Along with the usual chaos there are also burning car tires and other fires in the streets, caused by protesters who disagree with a new rule from the government. Armed police are waiting on a doorstep for disturbances and also the shopkeepers are alert and are closing their shutters with loud bangs, afraid for their shop windows. Thamel stays peaceful however and nothing's destroyed today.
When shopping we hardly had any idea there was a powercut, but the second round of 3 hours without electricity is a bit harder, especially since it's dark after 6. Once or twice daily there's, in turn, no power in each district. Since a large dam has broken there's a huge lack of electricity and like this the government tries to temporarily solve the problem. Our hosts and hostesses in the guesthouse are all used to it and once more they prepare a delicious meal, which we now enjoy at candle light.

> Temples and Stupas in Kathmandu

Buddha at Kathesimbhu Stupa22-09-2008 We stroll through the old city of Kathmandu, where numerous tiny shops are settled and really on every streetcorner there's a little temple. In the narrow streets Tibetan prayer flags and women clad in cloths add lots of colour. Bags of fleas resembling dogs are lazing around on small doorsteps or sniff around, looking for food. Kids wearing just a dirty shirt full of holes play in the dirt, while men with skinny arms and legs carry loads that seem way too big and way too heavy for them.
The Tibetan Kathesimbhu Stupa is exceptionally beautiful and the woodcarving of the smaller temples and many of the houses is richly decorated. From time to time we try a local snack, for which we pay just 5 or 10 Rupees, while the honking, clanging and rattling around us seems to continue forever. A couple of times we end up on a surprisingly quiet inner court, where old ladies curiously look out of their windows.
Narrow house in Kathmandu

23-09-2008 By the end of the morning the rain clouds blow apart and we walk out of the city on the Western side. We're not able to find the right route to the Tibetan Swayambhunath temple right away, so we ask around a bit. How convenient that so many people speak English here and are also willing to help. In Turkey we could hardly finish our sentence or the eternal "where-you-from-look-how-well-I-speak-English-question" popped up. Seldom we knew more than before, after a converstaion like that. Here in Nepal they don't seem to care about self-interest, so people just show you which way to go when you're asking for directions. Through a narrow path that's probably not on our map we're sent in the right direction and we follow a very dirty stream through the peoples' backyards.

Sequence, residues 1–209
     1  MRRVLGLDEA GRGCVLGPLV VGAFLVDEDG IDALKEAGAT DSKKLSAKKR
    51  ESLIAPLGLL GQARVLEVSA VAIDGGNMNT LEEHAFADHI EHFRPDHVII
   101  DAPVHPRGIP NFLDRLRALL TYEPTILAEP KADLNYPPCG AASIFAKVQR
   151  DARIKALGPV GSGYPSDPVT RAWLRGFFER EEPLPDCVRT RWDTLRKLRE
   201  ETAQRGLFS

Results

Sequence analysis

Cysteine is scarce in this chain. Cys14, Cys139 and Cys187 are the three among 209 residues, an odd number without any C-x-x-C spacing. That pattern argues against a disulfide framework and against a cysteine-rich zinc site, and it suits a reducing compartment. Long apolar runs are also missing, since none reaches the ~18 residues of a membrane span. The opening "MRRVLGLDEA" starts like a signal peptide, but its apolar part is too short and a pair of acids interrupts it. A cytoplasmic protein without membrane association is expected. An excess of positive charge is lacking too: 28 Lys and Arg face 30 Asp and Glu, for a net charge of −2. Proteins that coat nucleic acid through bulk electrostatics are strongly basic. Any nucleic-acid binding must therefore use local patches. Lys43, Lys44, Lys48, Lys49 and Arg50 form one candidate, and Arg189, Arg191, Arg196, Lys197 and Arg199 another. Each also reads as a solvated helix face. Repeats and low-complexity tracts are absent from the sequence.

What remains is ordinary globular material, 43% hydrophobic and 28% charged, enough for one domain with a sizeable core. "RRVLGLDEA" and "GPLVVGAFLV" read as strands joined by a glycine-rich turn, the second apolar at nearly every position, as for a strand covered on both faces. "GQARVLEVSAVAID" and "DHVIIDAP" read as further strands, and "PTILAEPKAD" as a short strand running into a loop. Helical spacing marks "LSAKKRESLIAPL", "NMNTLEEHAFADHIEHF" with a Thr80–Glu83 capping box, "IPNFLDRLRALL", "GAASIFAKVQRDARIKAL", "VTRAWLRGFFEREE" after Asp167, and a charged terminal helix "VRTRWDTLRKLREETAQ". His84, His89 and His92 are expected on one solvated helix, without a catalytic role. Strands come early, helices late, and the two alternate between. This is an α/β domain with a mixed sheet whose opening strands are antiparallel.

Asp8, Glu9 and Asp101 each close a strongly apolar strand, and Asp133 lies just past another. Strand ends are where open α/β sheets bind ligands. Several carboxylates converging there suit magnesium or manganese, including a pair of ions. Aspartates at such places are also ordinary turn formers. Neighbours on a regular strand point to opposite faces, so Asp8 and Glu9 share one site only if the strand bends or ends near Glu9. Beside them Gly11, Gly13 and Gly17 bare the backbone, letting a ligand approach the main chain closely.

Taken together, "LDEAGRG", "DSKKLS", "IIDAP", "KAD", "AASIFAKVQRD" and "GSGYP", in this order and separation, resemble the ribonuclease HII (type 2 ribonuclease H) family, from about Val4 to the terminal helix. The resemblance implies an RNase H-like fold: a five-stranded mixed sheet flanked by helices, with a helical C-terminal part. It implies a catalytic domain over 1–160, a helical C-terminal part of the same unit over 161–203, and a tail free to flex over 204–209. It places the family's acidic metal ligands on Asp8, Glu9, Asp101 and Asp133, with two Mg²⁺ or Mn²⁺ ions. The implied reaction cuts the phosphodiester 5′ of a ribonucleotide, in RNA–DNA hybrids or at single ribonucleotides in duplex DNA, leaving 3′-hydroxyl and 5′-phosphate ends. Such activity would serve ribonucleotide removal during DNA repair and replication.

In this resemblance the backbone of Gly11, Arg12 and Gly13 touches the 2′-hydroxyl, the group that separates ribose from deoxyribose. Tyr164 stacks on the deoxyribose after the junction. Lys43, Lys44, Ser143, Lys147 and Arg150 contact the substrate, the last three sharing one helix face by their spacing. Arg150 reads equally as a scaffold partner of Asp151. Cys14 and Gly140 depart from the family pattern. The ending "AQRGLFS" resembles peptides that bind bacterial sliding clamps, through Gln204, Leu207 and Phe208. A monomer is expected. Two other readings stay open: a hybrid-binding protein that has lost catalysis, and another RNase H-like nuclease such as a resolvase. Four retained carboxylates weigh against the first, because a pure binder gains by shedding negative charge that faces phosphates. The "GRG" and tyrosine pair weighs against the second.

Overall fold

Thirty minutes later we're at the foot of a hill with a temple on top, a remarkable place, where we find a large collection of salesmen, praying Tibetans and extremely poor beggars. After climbing the first stairway, the moneys who live here come to meet us. In the meantime we've armed ourselves with a stick, since we haven't forgotten about the cheeky and sometimes even aggressive monkeys in Lopburi.
Swayambhunath stupaWhen we've also managed to climb the second and steepest stairway we can, still out of breath, enjoy a grandiose panorama over Kathmandu. A large number of souvenir stalls is set up under the big stupa with Buddha-eyes on four sides. We almost get all kinds of spontaneous allergic reactions, but once more we're positively surprised. No nagging or jumping-in-front-of-you and angry faces when we don't buy anything, resulting in the purchase of both postcards ánd some nice necklaces.
It's nice to just sit here and watch the rituals people are performing. An old Lama, who lives in this temple, comes for a chat and in the old Swayambhunath temple we meet a younger monk. He's heard about the Netherlands, but he has no idea of where exactly this country is. We show him on a map and give him a postcard from our country.